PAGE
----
Morocco blocks repatriation of minors who arrived in Ceuta in May

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Repatriation of Illegal migrants in Ceuta hits stumbling block

The Government is not making progress in the repatriation of hundreds of Moroccan minors. They remain in Ceuta after the massive entry of thousands of people that occurred last May.

After a first attempt in August, which was paralysed by the justice after verifying that 55 minors had been returned to Morocco without following the legal procedure, it is still not possible to continue with the returns legally. The reason, according to sources familiar with the process, is that Rabat has not responded to requests for information on the socio-family situation of each minor. This is a fundamental procedure to carry out any repatriation.

Without the collaboration of Morocco, the deployment of resources promised by the Executive of Pedro Sánchez (material means, prosecutors, interpreters and officials) to send minors back to their country is a empty words.

Was a critical situation

After the irregular entry of 10,000 people, the Police reviewed more than 1,100 children in the city. The situation was critical. There were no resources and many little ones were living in the streets. As a result, the local government pressured Pedro Sánchez’s to return them to their homes.

In August, with the support of Rabat, the local authorities, the Government delegation in Ceuta and the Ministry of the Interior accelerated repatriations that, according to the Ombudsman and pointed out by the Prosecutor’s Office of the National Court, skipped the entire legal procedure. At the time, it had taken in about 700 children.

These numbers, however, have plummeted. There are currently 425 minors in the reception centres of Ceuta, according to the local government. No one offers an official answer about their whereabouts. However, a good number of those boys have either fled to the streets with the intention of reaching the Peninsula or are already there after risking their lives in a boat or hiding in a truck, according to El País. This has been verified and confirmed by NGOs on the ground.

Spain wants to resume repatriation

In a central square in Madrid, Jawad, one of those boys, aged 17, told EL PAÍS he had sneaked into the underside of a truck to get to Andalucia. “Now I sleep in a park.”

Baycrest Wealth

Many other minors turned 18 in the last six months. Some were already of legal age when they arrived – almost 70. A small group managed to regroup with relatives in other provinces.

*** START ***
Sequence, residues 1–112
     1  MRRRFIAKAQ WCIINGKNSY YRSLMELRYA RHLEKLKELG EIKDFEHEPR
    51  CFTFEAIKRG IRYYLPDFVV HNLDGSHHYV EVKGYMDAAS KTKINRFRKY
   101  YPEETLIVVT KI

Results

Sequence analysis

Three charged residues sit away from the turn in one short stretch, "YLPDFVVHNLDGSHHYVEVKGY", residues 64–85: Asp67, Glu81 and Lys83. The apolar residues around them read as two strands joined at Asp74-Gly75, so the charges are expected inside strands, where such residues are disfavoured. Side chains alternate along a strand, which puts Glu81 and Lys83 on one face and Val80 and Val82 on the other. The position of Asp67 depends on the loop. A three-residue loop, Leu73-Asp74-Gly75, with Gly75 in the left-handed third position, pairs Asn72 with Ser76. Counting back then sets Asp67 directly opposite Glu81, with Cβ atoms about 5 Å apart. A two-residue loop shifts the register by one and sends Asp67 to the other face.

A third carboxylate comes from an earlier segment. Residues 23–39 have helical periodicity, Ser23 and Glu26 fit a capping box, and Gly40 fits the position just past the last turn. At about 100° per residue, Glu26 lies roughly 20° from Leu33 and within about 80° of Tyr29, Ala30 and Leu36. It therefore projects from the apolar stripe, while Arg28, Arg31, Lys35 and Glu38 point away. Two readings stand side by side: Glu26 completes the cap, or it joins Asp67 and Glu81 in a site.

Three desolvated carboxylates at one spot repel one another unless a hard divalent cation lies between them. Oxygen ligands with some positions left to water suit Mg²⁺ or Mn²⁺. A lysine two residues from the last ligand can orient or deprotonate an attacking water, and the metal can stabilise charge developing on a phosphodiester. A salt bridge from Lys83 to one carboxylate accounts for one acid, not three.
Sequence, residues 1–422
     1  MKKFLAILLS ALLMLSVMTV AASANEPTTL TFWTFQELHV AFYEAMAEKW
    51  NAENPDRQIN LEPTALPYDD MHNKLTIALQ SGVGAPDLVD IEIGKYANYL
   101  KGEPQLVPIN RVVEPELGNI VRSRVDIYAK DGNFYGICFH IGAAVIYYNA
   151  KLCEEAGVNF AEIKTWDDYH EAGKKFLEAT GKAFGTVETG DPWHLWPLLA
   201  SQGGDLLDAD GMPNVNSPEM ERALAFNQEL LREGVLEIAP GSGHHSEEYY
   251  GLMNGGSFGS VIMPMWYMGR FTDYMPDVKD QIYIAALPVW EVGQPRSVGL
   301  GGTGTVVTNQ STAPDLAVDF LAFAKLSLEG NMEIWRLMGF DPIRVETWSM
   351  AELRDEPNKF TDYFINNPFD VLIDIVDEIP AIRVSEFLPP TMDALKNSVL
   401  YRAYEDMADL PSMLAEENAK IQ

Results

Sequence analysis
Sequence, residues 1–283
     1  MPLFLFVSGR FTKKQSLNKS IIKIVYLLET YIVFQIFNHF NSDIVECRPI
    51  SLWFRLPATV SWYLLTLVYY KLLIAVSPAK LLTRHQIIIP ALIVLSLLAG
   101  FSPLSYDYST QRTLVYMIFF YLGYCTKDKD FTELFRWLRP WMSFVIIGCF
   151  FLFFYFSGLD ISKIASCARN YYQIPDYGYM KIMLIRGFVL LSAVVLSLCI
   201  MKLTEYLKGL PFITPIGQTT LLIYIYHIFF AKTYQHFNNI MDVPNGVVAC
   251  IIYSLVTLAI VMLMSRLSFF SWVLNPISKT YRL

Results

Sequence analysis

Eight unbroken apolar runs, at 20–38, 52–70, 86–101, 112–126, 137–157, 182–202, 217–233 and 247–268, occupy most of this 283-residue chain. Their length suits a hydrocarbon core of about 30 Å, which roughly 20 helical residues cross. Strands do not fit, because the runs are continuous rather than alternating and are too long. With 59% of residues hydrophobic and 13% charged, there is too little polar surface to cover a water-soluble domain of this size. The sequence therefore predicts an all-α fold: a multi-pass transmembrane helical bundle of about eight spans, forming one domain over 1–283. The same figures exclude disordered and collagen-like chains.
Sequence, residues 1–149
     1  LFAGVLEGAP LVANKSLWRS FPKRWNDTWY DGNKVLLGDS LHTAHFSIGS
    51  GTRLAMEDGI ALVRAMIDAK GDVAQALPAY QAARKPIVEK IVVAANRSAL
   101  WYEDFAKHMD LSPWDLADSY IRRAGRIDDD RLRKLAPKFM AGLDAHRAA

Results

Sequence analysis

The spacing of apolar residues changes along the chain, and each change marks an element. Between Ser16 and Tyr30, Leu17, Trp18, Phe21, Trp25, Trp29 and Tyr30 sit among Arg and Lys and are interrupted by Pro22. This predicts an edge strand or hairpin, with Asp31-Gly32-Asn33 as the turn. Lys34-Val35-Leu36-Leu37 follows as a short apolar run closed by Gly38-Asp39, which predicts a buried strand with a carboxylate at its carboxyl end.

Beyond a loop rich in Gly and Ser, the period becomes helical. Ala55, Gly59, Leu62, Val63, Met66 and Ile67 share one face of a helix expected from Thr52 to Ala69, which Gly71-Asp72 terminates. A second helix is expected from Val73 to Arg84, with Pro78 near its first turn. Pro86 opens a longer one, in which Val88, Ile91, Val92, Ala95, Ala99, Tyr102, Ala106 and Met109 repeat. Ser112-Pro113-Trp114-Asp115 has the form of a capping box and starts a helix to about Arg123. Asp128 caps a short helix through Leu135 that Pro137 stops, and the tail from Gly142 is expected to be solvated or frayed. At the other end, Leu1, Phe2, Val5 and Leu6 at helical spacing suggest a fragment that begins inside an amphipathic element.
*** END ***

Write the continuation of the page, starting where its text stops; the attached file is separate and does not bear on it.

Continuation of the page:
In September, the Ministry of the Presidency launched a working group made up of six ministries with the intention of resuming the repatriations, this time following procedure. The group agreed to send reinforcements to Ceuta to instruct files and give better care to the children. The protocol to be followed to comply with the law was also agreed upon.

Documentation required from Morocco

This protocol, prepared by Justice, but with contributions from other departments, makes it clear in its first article that before starting any repatriation procedure, requirements include a report from the diplomatic representation of the country of origin on the minor’s family circumstances. This is what Article 191 of the Regulations of the Immigration Law dictates.

If there is no such information about the family, the report must include a “written commitment” from the competent authority that it will assume responsibility for the child. This document is requested through the General Commissariat for Immigration; Foreign Affairs submits the request to the Moroccan consulate.

Different sources accompanying the process confirm there is no response from Morocco; and that without it there will be no progress. According to the same sources, the Executive did not have great expectations of completing many files. However, what it did not count on was a blockade in its initial phase.

This documentation is not the only one that Spain claims from Morocco. The Government particularly wants Rabat to send the reports on the 55 family reunions or guardianship in August. It is part of the State’s defense against possible criminal proceedings it faces. There is also no response to that.


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